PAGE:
Good standards for good design.

I have recently read articles about how two well-known software companies conduct their design and development processes. A mixed bag of ideas — just like product design itself — but the overall message is that the companies are innovative and open-minded in their approach to development, while still keeping a tight control over quality and standards. We’re talking about Apple and Google.


From the Techbeat, a blog for Business Week, an article about ‘Apple’s design process‘:

“Interesting presentation at SXSW from Michael Lopp, senior engineering manager at Apple, who tried to assess how Apple can ‘get’ design when so many other companies try and fail. After describing Apple’s process of delivering consumers with a succession of presents (“really good ideas wrapped up in other really good ideas” — in other words, great software in fabulous hardware in beautiful packaging), he asked the question many have asked in their time: “How the f*ck do you do that?””

This article summarizes an Apple product manager’s speech how Apple’s careful but open-minded development process churns out great products. I enjoyed reading the manager’s points, especially one about Paired Design Meetings, but was disappointed that many of the reader comments were silly and even a little bitter. I don’t like some of Apple’s policies but the company certainly deserves praise for their ability to rethink electronic product design.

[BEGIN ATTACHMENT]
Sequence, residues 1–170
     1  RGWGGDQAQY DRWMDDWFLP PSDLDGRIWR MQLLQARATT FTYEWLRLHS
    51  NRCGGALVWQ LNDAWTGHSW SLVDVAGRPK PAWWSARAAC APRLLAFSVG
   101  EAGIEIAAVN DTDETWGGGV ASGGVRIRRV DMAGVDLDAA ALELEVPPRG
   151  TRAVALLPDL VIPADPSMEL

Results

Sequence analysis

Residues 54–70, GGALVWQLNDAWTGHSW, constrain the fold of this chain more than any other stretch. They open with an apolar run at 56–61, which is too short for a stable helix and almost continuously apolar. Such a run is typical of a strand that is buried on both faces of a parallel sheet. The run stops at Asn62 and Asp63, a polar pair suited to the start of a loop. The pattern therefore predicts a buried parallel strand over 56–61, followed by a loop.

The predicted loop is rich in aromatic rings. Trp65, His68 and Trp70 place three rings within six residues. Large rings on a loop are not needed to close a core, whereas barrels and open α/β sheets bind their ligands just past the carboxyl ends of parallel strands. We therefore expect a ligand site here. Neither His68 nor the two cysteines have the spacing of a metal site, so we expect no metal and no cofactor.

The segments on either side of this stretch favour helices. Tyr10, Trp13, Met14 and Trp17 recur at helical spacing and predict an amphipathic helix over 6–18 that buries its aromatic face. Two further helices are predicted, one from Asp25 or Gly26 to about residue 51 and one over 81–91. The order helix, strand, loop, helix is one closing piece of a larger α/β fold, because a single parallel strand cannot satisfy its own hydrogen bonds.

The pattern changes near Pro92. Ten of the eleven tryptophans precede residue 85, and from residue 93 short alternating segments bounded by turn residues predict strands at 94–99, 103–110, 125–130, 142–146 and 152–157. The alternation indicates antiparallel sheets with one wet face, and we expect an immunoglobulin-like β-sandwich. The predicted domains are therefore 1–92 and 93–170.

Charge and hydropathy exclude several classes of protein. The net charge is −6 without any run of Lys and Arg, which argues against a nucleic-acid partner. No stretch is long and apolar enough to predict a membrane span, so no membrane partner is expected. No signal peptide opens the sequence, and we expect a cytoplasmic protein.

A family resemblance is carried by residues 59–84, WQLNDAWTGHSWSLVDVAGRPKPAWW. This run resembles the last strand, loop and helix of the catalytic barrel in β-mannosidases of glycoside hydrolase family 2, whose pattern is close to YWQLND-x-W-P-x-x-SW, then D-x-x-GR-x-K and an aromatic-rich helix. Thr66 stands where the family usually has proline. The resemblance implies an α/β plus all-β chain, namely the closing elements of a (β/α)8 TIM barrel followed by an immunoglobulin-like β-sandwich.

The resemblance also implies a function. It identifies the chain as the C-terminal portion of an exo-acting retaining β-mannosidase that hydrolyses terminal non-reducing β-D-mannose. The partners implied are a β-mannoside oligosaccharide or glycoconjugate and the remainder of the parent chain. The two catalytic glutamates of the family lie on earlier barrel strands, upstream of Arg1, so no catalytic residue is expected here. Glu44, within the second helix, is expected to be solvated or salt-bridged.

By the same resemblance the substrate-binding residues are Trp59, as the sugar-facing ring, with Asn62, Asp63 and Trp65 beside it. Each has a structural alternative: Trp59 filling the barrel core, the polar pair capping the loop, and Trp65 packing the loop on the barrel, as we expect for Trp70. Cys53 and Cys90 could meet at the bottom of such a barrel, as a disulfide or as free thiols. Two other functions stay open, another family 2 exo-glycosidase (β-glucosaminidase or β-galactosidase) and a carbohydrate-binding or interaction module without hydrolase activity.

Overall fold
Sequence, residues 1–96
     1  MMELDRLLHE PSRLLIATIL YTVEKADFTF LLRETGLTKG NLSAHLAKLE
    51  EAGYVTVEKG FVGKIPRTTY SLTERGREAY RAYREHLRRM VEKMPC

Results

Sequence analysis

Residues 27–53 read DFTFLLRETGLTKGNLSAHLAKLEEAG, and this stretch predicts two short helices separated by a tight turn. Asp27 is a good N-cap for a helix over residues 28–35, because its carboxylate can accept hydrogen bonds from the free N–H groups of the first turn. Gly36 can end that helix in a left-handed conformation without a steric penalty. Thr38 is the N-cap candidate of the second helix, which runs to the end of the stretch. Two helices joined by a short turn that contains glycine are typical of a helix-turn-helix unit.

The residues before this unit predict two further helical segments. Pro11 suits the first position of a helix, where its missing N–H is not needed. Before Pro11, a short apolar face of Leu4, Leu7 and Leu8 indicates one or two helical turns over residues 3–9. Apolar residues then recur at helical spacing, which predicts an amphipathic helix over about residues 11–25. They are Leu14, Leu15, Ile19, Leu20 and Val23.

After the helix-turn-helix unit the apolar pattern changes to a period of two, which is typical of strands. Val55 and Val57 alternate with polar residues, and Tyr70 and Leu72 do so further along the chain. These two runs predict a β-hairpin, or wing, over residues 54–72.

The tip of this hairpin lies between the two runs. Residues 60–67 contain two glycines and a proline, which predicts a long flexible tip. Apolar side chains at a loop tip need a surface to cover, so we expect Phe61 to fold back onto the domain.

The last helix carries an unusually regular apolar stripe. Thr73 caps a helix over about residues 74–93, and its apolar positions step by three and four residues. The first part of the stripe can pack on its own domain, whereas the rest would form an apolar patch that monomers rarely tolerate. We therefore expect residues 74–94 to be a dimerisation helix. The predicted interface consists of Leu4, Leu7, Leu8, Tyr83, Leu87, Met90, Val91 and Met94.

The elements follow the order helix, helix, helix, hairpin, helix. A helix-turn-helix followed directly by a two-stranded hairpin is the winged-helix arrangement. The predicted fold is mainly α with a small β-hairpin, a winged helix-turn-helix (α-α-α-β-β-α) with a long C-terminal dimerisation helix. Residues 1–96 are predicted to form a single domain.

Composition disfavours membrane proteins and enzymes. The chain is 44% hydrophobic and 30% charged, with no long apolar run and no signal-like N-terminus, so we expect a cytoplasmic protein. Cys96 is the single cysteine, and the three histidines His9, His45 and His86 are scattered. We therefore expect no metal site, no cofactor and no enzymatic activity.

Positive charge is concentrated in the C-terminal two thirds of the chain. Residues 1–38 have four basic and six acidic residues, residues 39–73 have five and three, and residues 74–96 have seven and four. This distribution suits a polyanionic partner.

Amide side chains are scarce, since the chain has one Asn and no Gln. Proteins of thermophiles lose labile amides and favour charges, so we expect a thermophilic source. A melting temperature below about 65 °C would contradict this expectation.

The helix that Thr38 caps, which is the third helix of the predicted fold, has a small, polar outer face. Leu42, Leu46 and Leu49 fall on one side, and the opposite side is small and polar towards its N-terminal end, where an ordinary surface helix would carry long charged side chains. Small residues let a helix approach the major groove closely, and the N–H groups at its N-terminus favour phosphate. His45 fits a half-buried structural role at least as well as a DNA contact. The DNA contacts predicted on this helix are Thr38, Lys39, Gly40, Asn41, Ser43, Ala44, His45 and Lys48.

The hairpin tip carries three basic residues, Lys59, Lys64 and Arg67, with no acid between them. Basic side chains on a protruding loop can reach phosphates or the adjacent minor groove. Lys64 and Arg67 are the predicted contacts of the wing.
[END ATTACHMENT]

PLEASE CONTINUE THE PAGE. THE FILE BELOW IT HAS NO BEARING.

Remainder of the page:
From the New York Times, an article about ‘How Google Decides to Pull the Plug‘:

“GOOGLE recently set the blogosphere abuzz by announcing that it was pulling the plug on several products… “There’s no single equation that describes us, but we try to use data wherever possible,” said Jeff Huber, the company’s senior vice president of engineering. “What products have found an audience? Which ones are growing?” All of the shuttered projects failed several of Google’s key tests for continued incubation: They were not especially popular with customers; they had difficulty attracting Google employees to develop them; they didn’t solve a big enough problem; or they failed to achieve internal performance targets known as “objectives and key results.”

The emphasis of this article is that Google knows when to stop product development. This reminds me of something that our company, Digital Anarchy, tries to do. We call it ‘don’t throw good money after bad’ when an idea doesn’t seem to be working. We didn’t come up this approach, of course. But the lesson over time has been to eat the cost of a project that’s not working, rather than continuing to push out something that ultimately is not at all what we envisioned. And that is hard to do!

Side note: Interesting image that was generated when I saved out the Google logo from First time I have googled Google.

regards -Debbie

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